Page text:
Language of virtual love blossoms in cyberspace

PUBLISHED : Tuesday, 02 February, 1999, 12:00am
UPDATED : Tuesday, 02 February, 1999, 12:00am

It is that squidgy time of year again. As February 14 comes around each year, hearts soar and cash registers ring with the sound of love in the air.

In recent years, Valentine's Day has taken on a new dimension as the word of love takes to the Web.

Valentine's Day was a Roman celebration named after a priest executed for defying an order from the emperor Caligula that his soldiers not marry. Valentine ignored the order, married the soldiers and paid the price.

That is the official version, but the Romans were celebrating love long before Valentine came on the scene. Priests following the god Lupercus chose February as a time of purification and fertility, February being the official arrival of spring. To mark the occasion, they would smear themselves with sacrificial blood and run through the streets whipping women with a goat-skin thong. They knew how to enjoy their Valentine's days back then. This and much more can be learned on the Mining Company's history pages at ancienthistory.miningco .com/library/weekly/aa021098.htm.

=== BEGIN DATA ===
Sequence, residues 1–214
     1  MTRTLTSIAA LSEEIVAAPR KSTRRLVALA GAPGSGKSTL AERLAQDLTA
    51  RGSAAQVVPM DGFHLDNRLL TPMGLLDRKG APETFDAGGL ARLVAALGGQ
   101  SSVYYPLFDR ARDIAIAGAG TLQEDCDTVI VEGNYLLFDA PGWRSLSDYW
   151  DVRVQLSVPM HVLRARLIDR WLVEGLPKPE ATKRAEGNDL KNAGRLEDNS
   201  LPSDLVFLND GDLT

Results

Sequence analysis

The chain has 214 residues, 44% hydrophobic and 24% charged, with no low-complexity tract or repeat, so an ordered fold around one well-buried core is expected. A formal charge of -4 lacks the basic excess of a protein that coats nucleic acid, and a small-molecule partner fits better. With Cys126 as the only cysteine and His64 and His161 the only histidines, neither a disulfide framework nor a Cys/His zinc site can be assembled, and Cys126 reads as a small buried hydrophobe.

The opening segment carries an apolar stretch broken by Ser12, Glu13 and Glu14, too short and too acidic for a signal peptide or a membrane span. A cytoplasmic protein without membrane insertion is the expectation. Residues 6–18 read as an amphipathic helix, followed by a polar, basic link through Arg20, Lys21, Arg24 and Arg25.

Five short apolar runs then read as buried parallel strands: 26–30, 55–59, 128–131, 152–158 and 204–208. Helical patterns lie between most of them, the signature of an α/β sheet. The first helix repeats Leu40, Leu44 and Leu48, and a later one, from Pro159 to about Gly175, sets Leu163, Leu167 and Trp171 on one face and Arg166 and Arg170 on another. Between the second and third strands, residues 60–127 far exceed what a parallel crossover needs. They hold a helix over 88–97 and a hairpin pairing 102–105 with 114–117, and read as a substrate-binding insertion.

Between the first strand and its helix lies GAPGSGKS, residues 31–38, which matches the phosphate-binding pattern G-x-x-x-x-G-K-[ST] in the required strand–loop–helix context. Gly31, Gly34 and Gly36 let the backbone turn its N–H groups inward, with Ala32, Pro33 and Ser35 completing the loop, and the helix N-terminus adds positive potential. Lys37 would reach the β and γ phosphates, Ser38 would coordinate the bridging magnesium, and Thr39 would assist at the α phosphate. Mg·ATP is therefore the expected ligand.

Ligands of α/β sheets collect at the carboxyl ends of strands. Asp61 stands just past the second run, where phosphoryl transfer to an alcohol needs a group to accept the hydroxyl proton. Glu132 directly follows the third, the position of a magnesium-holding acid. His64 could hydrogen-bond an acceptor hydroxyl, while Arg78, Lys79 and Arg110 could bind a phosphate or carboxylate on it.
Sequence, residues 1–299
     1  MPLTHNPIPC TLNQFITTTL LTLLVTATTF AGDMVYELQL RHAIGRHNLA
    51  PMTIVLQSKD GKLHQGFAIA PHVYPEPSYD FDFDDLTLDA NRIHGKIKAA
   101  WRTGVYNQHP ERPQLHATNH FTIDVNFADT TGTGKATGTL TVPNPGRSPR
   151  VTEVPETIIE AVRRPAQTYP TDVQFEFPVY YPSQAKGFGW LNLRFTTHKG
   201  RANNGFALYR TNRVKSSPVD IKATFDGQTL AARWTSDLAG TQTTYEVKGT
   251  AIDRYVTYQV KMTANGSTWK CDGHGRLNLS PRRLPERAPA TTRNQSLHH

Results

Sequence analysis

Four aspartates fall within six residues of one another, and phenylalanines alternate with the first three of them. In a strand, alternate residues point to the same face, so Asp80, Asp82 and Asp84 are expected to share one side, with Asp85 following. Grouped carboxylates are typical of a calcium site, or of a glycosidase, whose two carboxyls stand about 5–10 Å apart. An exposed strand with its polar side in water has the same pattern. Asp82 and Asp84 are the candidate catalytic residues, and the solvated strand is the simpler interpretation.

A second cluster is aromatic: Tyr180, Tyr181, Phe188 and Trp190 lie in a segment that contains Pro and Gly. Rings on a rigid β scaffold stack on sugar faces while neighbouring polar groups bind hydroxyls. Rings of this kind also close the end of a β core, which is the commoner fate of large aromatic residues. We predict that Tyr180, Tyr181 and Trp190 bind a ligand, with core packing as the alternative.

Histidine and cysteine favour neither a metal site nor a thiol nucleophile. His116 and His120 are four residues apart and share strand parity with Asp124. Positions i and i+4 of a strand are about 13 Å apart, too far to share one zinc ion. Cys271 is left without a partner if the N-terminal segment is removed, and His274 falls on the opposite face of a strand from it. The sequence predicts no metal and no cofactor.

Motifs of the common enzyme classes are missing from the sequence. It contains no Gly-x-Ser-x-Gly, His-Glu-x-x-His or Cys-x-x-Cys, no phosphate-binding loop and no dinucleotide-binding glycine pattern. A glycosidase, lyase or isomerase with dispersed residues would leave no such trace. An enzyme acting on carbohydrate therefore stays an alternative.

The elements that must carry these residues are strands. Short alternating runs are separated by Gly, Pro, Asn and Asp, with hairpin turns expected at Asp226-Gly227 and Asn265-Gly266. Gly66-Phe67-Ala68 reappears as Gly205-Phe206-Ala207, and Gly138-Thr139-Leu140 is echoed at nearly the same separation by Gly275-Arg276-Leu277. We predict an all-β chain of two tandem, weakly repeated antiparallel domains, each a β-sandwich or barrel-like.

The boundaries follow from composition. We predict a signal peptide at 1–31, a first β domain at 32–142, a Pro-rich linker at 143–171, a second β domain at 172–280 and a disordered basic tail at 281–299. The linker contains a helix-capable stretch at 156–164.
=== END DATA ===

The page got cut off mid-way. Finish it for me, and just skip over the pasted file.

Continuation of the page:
Call me a Philistine, but ancient history can get pretty dull at times. Ben & Jerry, makers of some pretty cool ice-cream, have livened up the Valentine's story a little with their Ben & Jerry's Valentine's Day Glad-Lib at euphoria Why it is called that, I have no idea, but you can use the site to recreate your own Valentine's tale.

The town of Loveland in Colorado has spent more than 50 years trying to stamp itself as the heart of Valentine's Day the way Lapland has with Christmas. Loveland Valentine Remailing Program at ine/index.htm receives Valentine's cards from around the world, which it stamps and posts on to up to 300,000 recipients each year. Each envelope goes out with a schmaltzy stamp. Loveland does not do this purely for love - you also can buy your cards on their site.

If you like animations taking over your screen each time you take your hands off the keyboard, then a Valentine's screensaver might be the joy you are looking for this month. Star Promotions at www.starpromotions.

com/soft7.htm has seven Valentine's screensavers that you can download to bring a little love to your workplace.

Valentine's Day is second only to Christmas in importance for the greetings card industry, and card printers must be worried about the effect the Net will have on their businesses. Almost every Web site with a Valentine's theme offers free Valentine's cards by e-mail. It is not as romantic as a traditional card, but it is fast, and free. Blue Mountain Arts at www.bluemountain.

com/eng/valentine has dozens of cards to choose from, all of them animated by soppy music. The site also offers free virtual flowers and poetry.